That would not do that. Our artificial surface has variances. Unless it was a perfectly smooth surface, it's going to have irregularities, and the balls will take different paths. I tested from 18" to minimize these, but they still existed, I'm sure.

And an artificial surface probably wouldn't have the consistency (when the ball hits the far lip) of dirt and grass.

Just now, Wally Fairway said:

Thanks for the data and the study, I haven't been able to put any of this into practice yet (thanks winter!)
But the data certainly shows keeping the pin in is going to be a huge advantage, by huge I mean maybe up to a couple of strokes a round.

Highly unlikely it's going to be a couple strokes a round on average. There are going to be people who smash the stick a few times and gain even four or five shots a round (particularly if they're poor putters from, say, six feet), and there are going to be people who go months without the flagstick helping them. See my last note for more.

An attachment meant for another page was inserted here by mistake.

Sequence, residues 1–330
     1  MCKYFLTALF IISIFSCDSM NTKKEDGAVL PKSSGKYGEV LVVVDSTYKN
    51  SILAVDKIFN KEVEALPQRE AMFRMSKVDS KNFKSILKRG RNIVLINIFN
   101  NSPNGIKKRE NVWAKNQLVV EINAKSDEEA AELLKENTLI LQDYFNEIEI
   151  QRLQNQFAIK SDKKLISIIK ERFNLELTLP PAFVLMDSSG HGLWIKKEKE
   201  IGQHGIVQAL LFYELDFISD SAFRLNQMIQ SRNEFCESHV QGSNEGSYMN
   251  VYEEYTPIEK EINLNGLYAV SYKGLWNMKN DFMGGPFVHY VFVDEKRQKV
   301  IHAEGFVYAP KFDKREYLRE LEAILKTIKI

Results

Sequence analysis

Just now, Wally Fairway said:

Your comment about breaking putts intrigues me even more, as I can see players taking a slightly more aggressive approach to breakers if they leave the pin in.

If you want to putt with the flagstick in from short range, there are times it can help:

  • the more aggressive line
  • when the flagstick helps you aim
  • when the shadow of the flagstick helps you aim

That's about it, and if you take the more aggressive line, it looks like you don't really want to miss low, because there's a sliver of speed/off-centered-ness where the flagstick can hurt you.

I also don't recommend taking the more aggressive line. Make the hole bigger. Play a bit more break and make the hole bigger.